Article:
Over the last few years there has been a lot of talk about using ‘story’ more in our presentations, in the life of our church, in our communications, etc… But hardly ever do we hear anyone talk about how exactly to do that.
So here are three easy and simple ways to do that.
If you are a regular reader of this blog, then you know that we’re very high on encouraging churches, especially pastors, to be active bloggers. It’s one of the easiest ways to speak into the lives of your people on a more regular basis and in a way that doesn’t have to be overly preachy or super spiritual.
As powerful and effective as blogging can be, most pastors believe they just don’t have the time. But I believe that two things are true:
1) We always have time for the things that we feel are important and nothing is more important than building a great relationship with your people and leading them to live the lives they were created for.
2) A good system can make the best use of your time and make you exponentially more effective.
That said, let’s talk about some tips and techniques (or systems) that all great bloggers use to reach maximum effectiveness and efficiency.
When dealing with the subject of unhappy, frustrated and discontented church staffs, the gigantic elephant that’s almost always in the room is their relationship with their senior pastor or other high level leadership that may be over them.
Now before we take one more tiny step, let’s be super clear that we are not and will not be bashing senior pastors. So if you’re a bitter former staffer and you’ve been waiting for someone to take a shot at these guys for you, you’re looking in the wrong place ’cause homey don’t play that. I know there are some pastors out there who are real jerks, but I believe with all my heart that the VAST majority of pastors are good people who have the same struggles and issues as the rest of us and they are faithfully doing their best and learning as they go. The same applies to all of the staffers as well, you’ve got some bad eggs, but the vast majority are not. So in the spirit of ‘learning’, let’s talk about some of the factors that contribute to the breakdown between senior leaders and staffers. Specifically, let’s talk about the difference in generations.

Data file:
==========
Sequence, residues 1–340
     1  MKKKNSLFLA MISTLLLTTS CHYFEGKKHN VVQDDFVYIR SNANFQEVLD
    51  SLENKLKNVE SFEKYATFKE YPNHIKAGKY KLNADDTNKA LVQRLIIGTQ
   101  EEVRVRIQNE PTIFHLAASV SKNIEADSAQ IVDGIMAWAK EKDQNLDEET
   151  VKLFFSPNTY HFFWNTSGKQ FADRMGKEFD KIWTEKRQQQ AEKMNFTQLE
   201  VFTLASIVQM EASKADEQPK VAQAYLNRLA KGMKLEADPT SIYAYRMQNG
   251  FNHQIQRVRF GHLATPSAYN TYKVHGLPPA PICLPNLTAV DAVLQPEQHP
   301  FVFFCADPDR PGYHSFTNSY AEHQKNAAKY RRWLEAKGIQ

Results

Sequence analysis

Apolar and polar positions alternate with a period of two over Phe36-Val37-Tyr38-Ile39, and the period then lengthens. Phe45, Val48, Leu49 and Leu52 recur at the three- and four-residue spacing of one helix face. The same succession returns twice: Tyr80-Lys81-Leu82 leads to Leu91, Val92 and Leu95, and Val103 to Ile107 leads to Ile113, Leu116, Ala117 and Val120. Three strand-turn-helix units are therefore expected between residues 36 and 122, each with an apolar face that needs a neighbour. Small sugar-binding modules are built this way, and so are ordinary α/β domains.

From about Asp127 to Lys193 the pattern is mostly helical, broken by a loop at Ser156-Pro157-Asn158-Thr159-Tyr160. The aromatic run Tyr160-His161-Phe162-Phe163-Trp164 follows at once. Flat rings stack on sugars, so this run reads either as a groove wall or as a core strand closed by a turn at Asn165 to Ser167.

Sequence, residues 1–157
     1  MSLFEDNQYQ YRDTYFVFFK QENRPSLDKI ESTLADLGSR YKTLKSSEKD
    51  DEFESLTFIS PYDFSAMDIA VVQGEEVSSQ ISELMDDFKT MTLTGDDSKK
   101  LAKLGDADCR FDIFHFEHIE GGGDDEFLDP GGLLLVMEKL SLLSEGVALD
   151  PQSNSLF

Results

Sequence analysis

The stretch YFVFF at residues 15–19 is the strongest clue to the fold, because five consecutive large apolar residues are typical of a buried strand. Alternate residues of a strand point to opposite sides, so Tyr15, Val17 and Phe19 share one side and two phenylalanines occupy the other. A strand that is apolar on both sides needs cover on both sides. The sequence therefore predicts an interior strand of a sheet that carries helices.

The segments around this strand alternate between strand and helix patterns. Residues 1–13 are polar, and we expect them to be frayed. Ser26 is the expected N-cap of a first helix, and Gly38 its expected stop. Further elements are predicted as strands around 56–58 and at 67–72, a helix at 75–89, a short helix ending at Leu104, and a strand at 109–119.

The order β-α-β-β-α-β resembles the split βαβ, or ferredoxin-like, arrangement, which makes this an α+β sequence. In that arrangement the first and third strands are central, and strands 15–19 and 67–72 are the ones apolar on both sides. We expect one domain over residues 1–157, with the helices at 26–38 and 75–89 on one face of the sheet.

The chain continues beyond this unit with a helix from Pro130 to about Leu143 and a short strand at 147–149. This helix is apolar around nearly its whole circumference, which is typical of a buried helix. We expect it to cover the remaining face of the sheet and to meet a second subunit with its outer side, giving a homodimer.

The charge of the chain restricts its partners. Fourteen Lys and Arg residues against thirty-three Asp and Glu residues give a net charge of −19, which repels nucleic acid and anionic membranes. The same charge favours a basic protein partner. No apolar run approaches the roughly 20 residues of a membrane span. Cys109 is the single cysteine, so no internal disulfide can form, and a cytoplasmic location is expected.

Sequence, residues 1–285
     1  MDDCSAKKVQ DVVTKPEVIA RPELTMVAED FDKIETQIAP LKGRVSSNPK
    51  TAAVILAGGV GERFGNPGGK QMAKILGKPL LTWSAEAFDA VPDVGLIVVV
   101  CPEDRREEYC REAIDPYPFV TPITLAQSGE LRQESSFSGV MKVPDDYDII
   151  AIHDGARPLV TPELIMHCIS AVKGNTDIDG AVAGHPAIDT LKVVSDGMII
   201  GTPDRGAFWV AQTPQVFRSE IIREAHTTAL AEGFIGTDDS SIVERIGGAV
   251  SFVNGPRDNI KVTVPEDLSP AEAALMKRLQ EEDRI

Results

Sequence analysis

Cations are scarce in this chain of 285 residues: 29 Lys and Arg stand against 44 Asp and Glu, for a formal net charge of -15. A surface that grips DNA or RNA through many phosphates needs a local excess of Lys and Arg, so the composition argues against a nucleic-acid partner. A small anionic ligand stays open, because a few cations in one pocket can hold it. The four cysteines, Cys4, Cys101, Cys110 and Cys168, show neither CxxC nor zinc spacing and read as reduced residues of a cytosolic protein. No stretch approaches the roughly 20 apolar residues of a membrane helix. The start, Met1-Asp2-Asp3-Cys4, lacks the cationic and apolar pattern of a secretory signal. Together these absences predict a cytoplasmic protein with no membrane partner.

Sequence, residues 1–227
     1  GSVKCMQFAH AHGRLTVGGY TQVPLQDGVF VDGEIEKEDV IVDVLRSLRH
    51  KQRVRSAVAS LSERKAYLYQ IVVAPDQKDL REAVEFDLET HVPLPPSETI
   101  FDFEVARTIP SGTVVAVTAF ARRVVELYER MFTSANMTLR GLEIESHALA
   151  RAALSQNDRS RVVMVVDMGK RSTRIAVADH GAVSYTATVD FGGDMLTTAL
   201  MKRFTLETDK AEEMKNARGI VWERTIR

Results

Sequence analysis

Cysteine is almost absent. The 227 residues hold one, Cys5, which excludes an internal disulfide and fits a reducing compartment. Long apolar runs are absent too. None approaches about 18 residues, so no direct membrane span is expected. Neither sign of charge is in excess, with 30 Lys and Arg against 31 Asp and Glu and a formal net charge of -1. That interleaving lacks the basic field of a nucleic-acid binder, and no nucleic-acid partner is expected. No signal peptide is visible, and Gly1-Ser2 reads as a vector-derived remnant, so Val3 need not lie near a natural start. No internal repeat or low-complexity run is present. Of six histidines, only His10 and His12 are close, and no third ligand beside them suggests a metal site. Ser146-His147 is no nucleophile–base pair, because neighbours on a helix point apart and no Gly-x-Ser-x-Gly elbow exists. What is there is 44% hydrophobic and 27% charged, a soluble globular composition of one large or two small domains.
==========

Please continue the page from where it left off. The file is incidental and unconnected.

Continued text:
It’s important to remember that this is a complex issue that will not be solved by a few simple blog posts. That said, our goal here is to help bring the issue into the light, help anyone going through this to know they are not alone, highlight some of the glaring contributing factors and give some basic info on how to deal with and hopefully change them. Simple enough, right?
I believe one of the key issues that lead to discontentment and unhappiness is that many people entering professional ministry for the first time have unrealistic expectations. It’s easy to be swept up in the appeal that is ministry. People need you. Everybody knows you. They want your opinion. You’re part of every meeting and important decision. Your spiritual and work and family life are all combined. You’re in the know, the center of everything.
After posting the introduction to this topic last Friday I was blown away by the number of comments, emails, messages and DMs I received from pastors not only in North America, but around the world. We’ve definitely hit a hot button here.
So before we dive into some of the overarching reasons for this trend, I wanted to give you some big picture perspective on the sheer enormity of the problem.